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Weekly Column

The Innovators' Ball: Why Business Isn't as Fun as it Used to be

Status: [CLOSED]
By Robert X. Cringely

I was talking recently with the very unhappy founder of a successful high tech company. His complaint was that his company was no longer his company: it had been more or less stolen from him. Though he owned more than 80 percent of the company shares (ALL the common stock) the preferred shareholders took over the company, selling it off piecemeal in such a way that there was no money left to pay the holders of common stock, which is to say the founder. No wonder he was unhappy. And this all happened through an undisclosed conflict of interest on the part of the company's Chief Counsel. This lawyer had long worked for the preferred shareholders and in his role as company secretary had been able to tip the balance of power by not allowing the founder to replace a board member who had resigned. That's all it took.

This all looks on the surface to be against a zillion rules and breaking a law or three, but when my friend was looking for a lawyer to take his case, he couldn't find one. What had happened to him, he was told, was fairly normal. What the Chief Counsel had done was just conducting "sharp business."

Sharp business: it sounds so clean and good. To look sharp is to look neat and and nicely dressed. To be sharp is to be alert and in full command of the situation. But sharp business is something different, it is playing the game of business so close to the boundary of good faith and legality that it is hard to tell where that boundary is or if there even is such a boundary.

Sharp business is cheating and not getting caught.

Alas, there is a lot of sharp business being conducted recently. Enron, Tyco, Adelphia, Worldcom, bad brokers, bad bankers, and now bad lawyers are everywhere among us. Every week some big company is paying a $100 million fine for knowingly and blatantly doing something against the law. And though they pay the money, they never admit guilt. They never come truly clean. And the result is that we all become cynics. We trust less and less and some of us consider behaving sharply ourselves because we know that for every $100 million fine payer there are probably 10 other companies just as guilty who weren't caught.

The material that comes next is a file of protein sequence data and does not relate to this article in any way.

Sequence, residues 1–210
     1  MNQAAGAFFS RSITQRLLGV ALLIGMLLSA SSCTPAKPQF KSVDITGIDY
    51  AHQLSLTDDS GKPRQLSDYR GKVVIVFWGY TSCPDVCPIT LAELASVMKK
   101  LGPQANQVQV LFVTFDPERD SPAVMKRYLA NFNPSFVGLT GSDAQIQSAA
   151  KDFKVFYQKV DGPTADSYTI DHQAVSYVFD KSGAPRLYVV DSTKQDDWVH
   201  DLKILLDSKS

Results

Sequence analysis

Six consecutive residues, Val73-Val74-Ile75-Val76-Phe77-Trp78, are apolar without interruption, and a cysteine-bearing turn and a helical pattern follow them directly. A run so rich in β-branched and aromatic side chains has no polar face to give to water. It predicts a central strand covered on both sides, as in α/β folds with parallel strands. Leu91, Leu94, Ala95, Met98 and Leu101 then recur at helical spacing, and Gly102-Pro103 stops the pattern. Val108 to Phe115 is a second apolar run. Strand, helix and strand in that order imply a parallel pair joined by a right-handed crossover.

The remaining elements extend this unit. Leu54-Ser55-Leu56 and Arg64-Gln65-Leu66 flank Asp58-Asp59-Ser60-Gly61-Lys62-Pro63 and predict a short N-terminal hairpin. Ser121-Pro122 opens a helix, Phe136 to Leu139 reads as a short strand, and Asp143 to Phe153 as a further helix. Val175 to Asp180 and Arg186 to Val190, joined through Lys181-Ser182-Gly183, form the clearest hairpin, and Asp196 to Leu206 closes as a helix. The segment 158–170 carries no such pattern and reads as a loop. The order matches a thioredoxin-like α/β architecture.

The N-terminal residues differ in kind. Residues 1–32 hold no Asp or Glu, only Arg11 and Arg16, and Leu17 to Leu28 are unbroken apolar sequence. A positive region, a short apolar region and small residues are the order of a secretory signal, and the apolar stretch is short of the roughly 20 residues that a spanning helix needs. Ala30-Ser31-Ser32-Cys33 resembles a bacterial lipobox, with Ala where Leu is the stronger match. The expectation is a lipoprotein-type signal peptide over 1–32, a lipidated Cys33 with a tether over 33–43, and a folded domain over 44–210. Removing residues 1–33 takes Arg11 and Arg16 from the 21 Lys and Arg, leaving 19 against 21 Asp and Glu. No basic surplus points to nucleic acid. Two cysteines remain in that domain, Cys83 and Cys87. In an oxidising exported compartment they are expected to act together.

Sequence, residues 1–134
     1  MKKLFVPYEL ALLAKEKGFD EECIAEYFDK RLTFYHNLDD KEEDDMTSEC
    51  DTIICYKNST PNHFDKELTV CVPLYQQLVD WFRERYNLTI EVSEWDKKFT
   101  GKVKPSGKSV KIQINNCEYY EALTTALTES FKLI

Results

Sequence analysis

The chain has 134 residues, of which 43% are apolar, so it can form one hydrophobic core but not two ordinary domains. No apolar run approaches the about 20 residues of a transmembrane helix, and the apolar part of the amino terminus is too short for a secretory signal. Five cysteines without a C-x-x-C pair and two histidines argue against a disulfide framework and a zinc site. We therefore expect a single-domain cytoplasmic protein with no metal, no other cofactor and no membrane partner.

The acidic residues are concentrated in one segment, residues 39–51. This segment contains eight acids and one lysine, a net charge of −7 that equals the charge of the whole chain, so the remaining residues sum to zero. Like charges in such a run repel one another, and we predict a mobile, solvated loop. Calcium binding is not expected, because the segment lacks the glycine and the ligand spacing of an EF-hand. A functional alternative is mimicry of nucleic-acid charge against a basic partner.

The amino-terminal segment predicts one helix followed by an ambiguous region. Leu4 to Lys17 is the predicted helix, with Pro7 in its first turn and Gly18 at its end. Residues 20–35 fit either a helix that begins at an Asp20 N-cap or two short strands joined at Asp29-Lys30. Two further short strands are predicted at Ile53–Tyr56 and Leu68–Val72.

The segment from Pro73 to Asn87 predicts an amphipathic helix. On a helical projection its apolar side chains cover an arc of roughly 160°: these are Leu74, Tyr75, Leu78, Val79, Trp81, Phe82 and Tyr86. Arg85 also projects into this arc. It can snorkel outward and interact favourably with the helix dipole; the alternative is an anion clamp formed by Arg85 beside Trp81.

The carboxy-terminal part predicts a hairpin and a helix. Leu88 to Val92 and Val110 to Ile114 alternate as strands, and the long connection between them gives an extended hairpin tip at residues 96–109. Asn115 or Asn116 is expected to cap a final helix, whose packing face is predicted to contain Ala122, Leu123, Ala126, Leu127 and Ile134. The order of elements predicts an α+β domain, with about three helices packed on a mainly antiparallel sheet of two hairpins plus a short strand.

We've gone from following the rules to playing the odds.

And if we do follow the rules and don't play the odds, then we are figured to be suckers.

Last week I mentioned John Walker's essay "The Final Days of Autodesk." I actually wrote "The Last Days of Autodesk," which was a mistake and more than 30 readers contacted me claming they couldn't find the essay and asking for a link. It seems to me there is an opportunity here for some search engine to pick up the algorithmic slack.

Walker, when he was head of Autodesk, wrote long memos to the company about the current state of their business and where they were heading. These memos were later compiled into a book, The Autodesk File, which provides a fascinating glimpse into the workings of a company that was made by nerds for nerds. But when Walker wrote The Finals Days he was no longer Autodesk's CEO so I don't think that 43-page essay was included in the book. In fact Walker had moved from Sausalito all the way to Switzerland, where he continues to live today.